Figure 1: Perception of self vs others

Source: American Innovation Association, copyright 2018

The diagram above represents the leading innovation of an individual with respect to others. The next generation must be encouraged by recommending the development of risk-taking skills. According to Sawhney, an organization can innovate by using different dimensions, which include platform, solutions, customers, the experience of customers, processes, value capture, organization, supply chain, presence, brand, and networking. Each company should follow policies and strategies to innovate.

My Dyer-Discovery and Delivery Skills

My Dyer-Discovery and Delivery Skills are shown in the table below. The delivery skills are 39 while discovery skills are 38. I have almost the same delivery and discovery skills.

 

Entry Question Disagree Strongly

(1)

Somehow Disagree.

(2)

Neither Agree or Disagree

(3)

Somehow Agree

(4)

Strongly Agree

(5)

1 Often, my perspectives and ideas are radically different from others   2      
2 I always take care to prevent the occurrence of mistakes while undertaking tasks.         5
3 Regularly, I usually challenge the status quo by asking questions.       4  
4  At work, I am well organized all the times       4  
5.  I get new ideas by observing people’s way of interaction with either products or services.         5
6 When undertaking an assignment, I always ensure that everything is finished rightfully.       4  
7  Regularly, I discover alternatives to complex challenges by observing solutions developed in other disciplines.       4  
8 I consider to  think carefully through all issues before acting in projects or new ventures   3      
9 Experimentation is my way of undertaking tasks 2        
10 I work hard to complete a task irrespective of how challenging it may be. 2        
11 I often engage with diverse sets of individuals. For instance, from different enterprises, industries, geographical settings to discover new ideas.       4  
12 I often succeed by diving complex tasks into micro plans. Dividing plans or goals into micro-tasks is my way of excelling.       4  
13 . I set time to attend conferences in my field of expertise and other areas to meet with individuals and gain knowledge of the issues affecting them.         5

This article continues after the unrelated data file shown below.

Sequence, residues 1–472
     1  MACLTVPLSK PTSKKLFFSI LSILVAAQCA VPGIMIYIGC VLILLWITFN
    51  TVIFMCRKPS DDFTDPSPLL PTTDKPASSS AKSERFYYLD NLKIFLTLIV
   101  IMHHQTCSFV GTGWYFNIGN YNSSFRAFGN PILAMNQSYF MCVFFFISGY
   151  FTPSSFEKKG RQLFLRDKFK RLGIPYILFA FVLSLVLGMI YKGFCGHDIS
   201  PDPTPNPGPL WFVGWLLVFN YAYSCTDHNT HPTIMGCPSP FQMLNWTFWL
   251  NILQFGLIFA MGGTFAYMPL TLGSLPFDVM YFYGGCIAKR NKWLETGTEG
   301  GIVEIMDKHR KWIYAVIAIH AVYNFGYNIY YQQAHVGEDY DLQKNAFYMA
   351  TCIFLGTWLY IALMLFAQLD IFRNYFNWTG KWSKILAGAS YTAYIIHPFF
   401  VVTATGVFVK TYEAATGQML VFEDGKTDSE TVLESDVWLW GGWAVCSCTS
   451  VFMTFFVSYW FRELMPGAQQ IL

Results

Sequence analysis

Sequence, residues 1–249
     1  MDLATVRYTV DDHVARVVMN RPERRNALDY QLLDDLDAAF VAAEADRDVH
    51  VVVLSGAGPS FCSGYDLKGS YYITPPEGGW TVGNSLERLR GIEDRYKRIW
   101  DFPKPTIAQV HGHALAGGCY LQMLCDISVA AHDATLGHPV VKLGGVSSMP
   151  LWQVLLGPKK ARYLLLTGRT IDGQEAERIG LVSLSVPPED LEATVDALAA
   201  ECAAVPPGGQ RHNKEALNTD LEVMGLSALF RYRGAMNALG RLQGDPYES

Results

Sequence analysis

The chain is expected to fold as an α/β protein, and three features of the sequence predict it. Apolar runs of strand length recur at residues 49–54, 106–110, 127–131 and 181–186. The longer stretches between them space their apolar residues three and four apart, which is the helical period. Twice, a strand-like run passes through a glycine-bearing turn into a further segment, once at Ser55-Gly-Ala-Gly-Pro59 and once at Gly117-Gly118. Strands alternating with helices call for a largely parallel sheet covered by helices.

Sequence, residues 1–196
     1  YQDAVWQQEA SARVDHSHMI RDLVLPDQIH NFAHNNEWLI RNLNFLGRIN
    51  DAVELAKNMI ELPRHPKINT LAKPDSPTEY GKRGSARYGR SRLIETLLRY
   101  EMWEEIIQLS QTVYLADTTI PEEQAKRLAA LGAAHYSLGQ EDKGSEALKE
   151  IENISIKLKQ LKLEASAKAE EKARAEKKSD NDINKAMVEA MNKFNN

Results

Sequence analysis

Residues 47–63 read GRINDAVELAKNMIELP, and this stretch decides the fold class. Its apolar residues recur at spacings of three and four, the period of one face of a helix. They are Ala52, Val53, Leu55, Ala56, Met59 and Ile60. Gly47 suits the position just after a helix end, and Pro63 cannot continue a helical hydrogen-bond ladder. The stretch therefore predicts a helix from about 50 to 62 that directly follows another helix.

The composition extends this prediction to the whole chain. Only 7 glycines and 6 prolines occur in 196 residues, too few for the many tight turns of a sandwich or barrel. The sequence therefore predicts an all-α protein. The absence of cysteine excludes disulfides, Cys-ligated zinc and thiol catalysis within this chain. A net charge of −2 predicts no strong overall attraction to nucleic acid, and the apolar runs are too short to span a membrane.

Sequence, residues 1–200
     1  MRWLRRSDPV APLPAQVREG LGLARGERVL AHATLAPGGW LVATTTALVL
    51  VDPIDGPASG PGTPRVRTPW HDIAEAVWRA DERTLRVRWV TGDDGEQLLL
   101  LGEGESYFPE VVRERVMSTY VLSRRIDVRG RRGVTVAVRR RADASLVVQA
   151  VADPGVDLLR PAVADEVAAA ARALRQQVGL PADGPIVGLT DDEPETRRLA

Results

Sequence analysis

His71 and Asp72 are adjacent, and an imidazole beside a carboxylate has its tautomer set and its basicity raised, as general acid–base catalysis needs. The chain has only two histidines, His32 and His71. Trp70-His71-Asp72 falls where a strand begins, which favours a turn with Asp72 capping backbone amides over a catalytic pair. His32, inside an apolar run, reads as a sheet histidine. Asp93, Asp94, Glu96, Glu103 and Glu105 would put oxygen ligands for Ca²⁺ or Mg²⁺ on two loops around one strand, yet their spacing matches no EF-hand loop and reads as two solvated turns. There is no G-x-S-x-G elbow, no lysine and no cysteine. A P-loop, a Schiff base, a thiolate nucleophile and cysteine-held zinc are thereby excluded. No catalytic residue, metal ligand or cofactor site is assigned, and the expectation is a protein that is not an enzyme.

14 I always ensure that nothing is overlooking by paying keen attention to details at my place of work.         5
15 I am active in identifying new trends by interacting with different books, blogs, newspapers, etc.   2      
16 I always take accountability for any results realized.         5
17 Regularly, I ask “what if” questions to expand new possibilities and provoke exploration.       2  
18  I always finish what I have started by following my commitments       4  
19 Frequently, I keenly observe customers ‘activities to get new ideas.       4  
20 Often, I get all my work done by creating detailed work plans         5

 

 

Conclusion

            Dyer and Christensen state that leaders who are innovative understand that innovation is not automatic but requires a commitment in terms of time. For people to innovate, they have to set aside enough time apart from possessing the five discovery skills. The common commitments of people include observing things and challenging hard tasks by risk-taking. The skills can be developed through embracing the questioning strategy to realize innovation in one’s way of life.

 

References

Covey, S. R. (2004). The eighth habit: From effectiveness to greatness. New York: Simon &                     Schuster.

Dyer, J., Gregersen, H. B., & Christensen, C. M. (2011). The innovator’s DNA: Mastering the             five skills of disruptive innovators.

Sawhney, M. (January 01, 2006). The 12 different ways for companies to innovate. Mit Sloan                    Management Review, 47, 3, 75-81.